As a child, I loved to watch my mother read cards for friends and acquaintances. She was quite good, it seemed, and the people she read for were always grateful for her insights. I secretly snuck the cards and the book out of her drawer and tried to understand what the big deal was. The cards seemed dark and ominous, and I didn’t understand much of anything. When I was a bit older, I asked her to read cards for me, but she explained that as my mother she was too close, that it wasn’t a good idea.
A bit frustrated, I tackled the tarot on my own. Turns out, it wasn’t as complicated as I’d thought – only the aesthetic of the cards was awful! My first very own tarot was Osho’s Neo Tarot. I still have it today: all tattered and worn, and I totally love it. It’s been through so much with me. Sadly, this deck is no longer available new. Next came the Osho Zen Tarot* and the Meditation Oracle*.
Tarot cards have been around for ages. For centuries, tarot was simply a game, like Bridge, primarily played in Europe. The very first tarot cards were called Tarochhi and likely originated in Milan during the Italian Renaissance.
I always keep a tarot deck in my bag when I’m travelling. It somehow keeps me calm. When I’m stuck or have questions for Life, I have a chat with my tarot cards. No joke. They give me advice, stability, clarity, and calm me into a meditative state. When I read cards for myself, I can completely submerse in this other world. It feels great. I feel connected to something that I can’t describe, and it helps me to connect with a place inside of me that knows which path to take.
Reading tarot cards is easy
There are countless ways of interacting with a tarot deck. A common misconception is that it’s horribly complicated, which is not (and should not) be the case. Sure, it’s great if you develop an understanding of the individual cards with time, but that happens on its own if you work with them enough.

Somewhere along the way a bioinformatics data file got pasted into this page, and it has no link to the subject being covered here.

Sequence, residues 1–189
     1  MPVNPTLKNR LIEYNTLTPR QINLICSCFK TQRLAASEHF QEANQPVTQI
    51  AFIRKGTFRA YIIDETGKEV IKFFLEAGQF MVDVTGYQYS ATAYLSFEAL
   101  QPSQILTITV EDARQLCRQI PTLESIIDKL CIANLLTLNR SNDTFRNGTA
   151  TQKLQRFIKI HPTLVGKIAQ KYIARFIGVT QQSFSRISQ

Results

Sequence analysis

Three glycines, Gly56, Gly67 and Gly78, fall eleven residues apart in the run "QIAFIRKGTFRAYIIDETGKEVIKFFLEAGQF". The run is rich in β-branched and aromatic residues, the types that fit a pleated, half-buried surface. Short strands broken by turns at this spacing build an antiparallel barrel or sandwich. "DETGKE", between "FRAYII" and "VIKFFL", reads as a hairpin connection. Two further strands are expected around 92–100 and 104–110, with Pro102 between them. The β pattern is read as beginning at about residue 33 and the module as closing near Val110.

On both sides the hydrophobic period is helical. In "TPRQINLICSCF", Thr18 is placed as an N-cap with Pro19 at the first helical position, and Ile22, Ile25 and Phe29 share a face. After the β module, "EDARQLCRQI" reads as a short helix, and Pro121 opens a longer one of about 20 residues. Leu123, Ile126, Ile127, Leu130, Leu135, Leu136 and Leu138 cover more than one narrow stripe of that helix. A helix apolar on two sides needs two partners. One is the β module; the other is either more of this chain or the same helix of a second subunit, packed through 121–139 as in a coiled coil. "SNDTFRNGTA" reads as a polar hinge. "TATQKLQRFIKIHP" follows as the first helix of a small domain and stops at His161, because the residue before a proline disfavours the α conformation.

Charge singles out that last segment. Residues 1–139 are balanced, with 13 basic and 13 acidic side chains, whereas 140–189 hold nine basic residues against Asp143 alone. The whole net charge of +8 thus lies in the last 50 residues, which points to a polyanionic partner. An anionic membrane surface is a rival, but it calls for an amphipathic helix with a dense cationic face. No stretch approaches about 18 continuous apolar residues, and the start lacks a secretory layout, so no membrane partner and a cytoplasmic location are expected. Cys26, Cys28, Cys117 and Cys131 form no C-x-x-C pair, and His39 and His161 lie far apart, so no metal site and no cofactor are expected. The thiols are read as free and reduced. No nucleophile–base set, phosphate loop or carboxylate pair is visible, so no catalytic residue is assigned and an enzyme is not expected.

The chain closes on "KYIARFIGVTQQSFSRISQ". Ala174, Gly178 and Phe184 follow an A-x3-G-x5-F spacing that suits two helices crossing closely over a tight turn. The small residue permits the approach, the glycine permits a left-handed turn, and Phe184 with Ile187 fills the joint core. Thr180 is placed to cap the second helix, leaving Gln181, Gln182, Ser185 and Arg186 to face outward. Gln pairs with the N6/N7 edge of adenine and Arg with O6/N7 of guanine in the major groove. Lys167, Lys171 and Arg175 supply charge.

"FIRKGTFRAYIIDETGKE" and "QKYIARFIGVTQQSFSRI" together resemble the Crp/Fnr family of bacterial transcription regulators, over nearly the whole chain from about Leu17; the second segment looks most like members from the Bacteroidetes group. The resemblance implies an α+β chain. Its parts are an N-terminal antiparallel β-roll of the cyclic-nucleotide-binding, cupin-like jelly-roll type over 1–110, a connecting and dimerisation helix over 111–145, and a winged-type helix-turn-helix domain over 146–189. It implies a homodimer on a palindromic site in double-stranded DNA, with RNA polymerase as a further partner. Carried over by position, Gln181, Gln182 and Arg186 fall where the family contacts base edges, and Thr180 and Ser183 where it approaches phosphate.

What’s important is opening yourself to your own intuition. Whenever I pick up my cards, it feels a little magical. Before I begin to lay them out, I close my eyes and connect to my breath. Tarot cards support our spiritual growth and strengthen our intuition.
When I have the time, I like to draw five cards that address my question, the context of the question, myself, my surroundings and the answer. It can be intense – grounding or uplifting.
Sometimes I only look at three cards that simply show the state of my body, mind and spirit and help me to realize what needs work and attention. And other times I just have a single question and draw one card which I then analyze. Each of the decks I’ve suggested here comes with a booklet that includes suggestions for lay-outs and descriptions of the individual cards. I’ve developed such an intimate relationship to my cards, it’s crazy. My daughter loves them too, and occasionally we take a peek together, which is always thrilling: I’m not as strict.
There are gorgeous decks available nowadays, which makes working with the cards that much more fun. I can’t pass up a beautiful new deck, which means I’ve acquired a drawer full of different cards, and choose based on what seems most appropriate for the questions at hand.
The tarot pictured here is the Fountain Tarot* (presently only available here). It’s currently one of my favorites, along with the deck by The Wild Unknown, the Oracle Cards by Sitara Design and the deck by Starchild Tarot.
I recommend: spend more time looking into the cards than the tube.
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